What To Expect From 'Sherlock the Abominable Bride' 

The Sherlock Christmas special sends Sherlock to the Victorian era on January 1st. 

The Sherlock Christmas special “The Abominable Bride,” which sends Sherlock and Watson back to Sir Arthur Conan Doyle’s roots in the Victorian Era, is fast approaching. And while we’d rather see Sherlock sent to the future instead of the past, we’ve resigned ourselves to the fact that that it’s happening and it’s probably going to be great.

Here’s a rundown on what to expect from “The Abominable Bride.”

Don’t expect them to stop and smell the roses just because they’re in an old-timey setting

For those who fear that a jaunt to the 19th century will rob this Sherlock of its essence — the fast-cuts, the mind-palaces, the texting, Benedict Cumberbatch’s slickly modern Sherlock, the homoerotic innuendos between Sherlock and Watson — you have no need to worry. Martin Freeman, who plays Watson, has said the following about the Victorian special’s pacing: “It’s still very fast-moving. There’s no sense of it being sedentary because it’s ‘old’ - it’s still our version.”

If you’re still having misgivings, you’re not alone: Cumberbatch himself admitted that when he first heard the idea, “I thought they’d finally lost the plot, jumped the shark … then they expanded the idea and pitched it to me properly and I think it’s fantastic. Absolutely brilliant.”

Showrunners Steven Moffat and Mark Gatiss excel at jumping between timelines in Doctor Who — there’s no reason to think they won’t work their magic in Sherlock.

Do expect killer mustaches and mutton chops

Watson's mustache is going stronger than ever 


This time around, poor Watson probably won’t be mercilessly mocked for his mustache — which is good, because he’s rocking a borderline later-day Nietzsche ‘stache there. He will fit right into Victorian society, as will DI Lestrade when he debuts a snazzy new hairstyle. You could shear sweaters out of those sideburns.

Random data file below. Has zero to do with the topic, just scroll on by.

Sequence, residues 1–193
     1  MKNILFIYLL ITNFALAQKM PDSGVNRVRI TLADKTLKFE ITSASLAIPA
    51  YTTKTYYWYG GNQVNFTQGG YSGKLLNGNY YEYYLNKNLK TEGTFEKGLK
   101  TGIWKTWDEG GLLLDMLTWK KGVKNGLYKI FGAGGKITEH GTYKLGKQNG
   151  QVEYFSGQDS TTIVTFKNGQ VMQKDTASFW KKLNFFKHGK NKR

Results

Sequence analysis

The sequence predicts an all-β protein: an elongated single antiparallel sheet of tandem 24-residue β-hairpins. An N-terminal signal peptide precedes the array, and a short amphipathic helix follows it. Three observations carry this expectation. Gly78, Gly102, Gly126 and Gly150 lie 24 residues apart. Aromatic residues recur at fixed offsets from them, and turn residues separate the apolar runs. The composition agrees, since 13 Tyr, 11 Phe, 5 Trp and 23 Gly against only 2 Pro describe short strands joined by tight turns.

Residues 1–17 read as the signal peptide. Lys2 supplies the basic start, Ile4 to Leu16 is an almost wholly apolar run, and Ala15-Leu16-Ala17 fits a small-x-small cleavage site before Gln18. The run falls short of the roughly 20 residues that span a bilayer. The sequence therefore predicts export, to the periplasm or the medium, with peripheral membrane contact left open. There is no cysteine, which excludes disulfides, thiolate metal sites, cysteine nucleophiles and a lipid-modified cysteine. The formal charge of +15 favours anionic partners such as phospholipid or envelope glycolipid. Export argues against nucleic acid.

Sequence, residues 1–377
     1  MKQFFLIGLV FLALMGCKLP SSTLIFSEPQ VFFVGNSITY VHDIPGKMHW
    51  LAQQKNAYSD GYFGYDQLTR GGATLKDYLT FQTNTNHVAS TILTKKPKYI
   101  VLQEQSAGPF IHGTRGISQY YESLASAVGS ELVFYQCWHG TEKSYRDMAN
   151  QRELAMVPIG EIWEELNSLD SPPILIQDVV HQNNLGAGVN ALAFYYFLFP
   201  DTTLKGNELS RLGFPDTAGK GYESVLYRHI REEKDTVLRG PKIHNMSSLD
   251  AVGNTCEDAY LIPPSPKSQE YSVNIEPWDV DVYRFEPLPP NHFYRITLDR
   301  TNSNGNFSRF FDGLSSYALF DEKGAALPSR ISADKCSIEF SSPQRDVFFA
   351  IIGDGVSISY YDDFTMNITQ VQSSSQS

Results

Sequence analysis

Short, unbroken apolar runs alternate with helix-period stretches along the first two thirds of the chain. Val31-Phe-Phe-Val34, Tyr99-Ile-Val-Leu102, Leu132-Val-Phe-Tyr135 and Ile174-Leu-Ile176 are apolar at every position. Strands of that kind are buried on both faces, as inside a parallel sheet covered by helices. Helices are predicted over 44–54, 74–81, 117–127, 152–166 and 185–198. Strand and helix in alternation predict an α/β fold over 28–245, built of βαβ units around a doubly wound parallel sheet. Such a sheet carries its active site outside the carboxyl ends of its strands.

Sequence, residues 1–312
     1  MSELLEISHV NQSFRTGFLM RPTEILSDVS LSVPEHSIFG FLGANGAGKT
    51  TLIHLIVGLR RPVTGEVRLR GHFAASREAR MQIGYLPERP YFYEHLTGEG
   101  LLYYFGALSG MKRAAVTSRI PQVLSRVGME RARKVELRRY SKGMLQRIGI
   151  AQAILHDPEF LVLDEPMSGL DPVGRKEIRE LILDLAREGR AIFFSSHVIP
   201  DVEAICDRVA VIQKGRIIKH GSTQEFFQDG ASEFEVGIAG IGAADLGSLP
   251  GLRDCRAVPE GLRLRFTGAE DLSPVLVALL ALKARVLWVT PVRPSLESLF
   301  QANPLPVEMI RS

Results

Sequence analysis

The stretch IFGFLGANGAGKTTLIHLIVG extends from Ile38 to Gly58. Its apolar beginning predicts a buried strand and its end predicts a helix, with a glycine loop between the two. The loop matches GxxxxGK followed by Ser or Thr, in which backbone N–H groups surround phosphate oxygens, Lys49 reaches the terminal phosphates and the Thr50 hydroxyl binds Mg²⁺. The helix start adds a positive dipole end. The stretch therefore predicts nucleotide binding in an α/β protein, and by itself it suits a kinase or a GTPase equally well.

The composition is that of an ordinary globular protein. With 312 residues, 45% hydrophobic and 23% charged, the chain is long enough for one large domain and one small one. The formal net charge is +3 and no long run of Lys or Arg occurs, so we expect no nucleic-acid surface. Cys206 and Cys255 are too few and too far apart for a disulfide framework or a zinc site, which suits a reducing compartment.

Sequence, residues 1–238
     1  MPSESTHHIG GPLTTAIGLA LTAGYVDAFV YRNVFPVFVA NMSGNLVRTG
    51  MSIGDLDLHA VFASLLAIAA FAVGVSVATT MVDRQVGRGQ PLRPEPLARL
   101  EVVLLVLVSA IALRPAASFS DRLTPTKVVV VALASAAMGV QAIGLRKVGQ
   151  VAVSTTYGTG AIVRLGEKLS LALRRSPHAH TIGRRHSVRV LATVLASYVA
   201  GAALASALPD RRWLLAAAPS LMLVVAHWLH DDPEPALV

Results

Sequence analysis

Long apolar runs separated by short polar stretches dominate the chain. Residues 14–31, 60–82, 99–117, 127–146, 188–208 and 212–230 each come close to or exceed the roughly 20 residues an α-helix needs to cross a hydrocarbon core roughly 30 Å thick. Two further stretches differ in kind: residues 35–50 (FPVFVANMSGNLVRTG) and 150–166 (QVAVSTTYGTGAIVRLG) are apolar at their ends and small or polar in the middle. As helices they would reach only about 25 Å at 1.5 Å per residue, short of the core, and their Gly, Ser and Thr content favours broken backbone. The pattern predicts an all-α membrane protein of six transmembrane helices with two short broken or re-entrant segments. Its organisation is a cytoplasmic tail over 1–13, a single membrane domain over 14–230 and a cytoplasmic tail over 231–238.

Also, expect some good old-fashioned depravity and creepy crawlies

Sherlock Writer and delightfully sneering Mycroft actor Mark Gatiss has referred to the special as a “victorian gothic”. The Victorian gothic genre — which saw a particularly strong comeback this year — is hardly buttoned-up.

Sure, their clothing might have been stiff, their collars higher, their skirts longer, but all that repression festers and boils over into some truly strange territory, which you know if you’re a fan of Penny Dreadful or Crimson Peak. Common genre tropes include crumbling estates, decadent aristocrats, incest, the occult, and lots of blood. “The Abominable Bride” is set just seven years after Jack The Ripper’s reign of terror, which is not enough time for Londoners to have stopped looking over their shoulders.

Sherlock “The Abominable Bride” will mark the first time the series will air on the same day in both the UK and the U.S. — you can find it on BBC One and Masterpiece on PBS on January 1.

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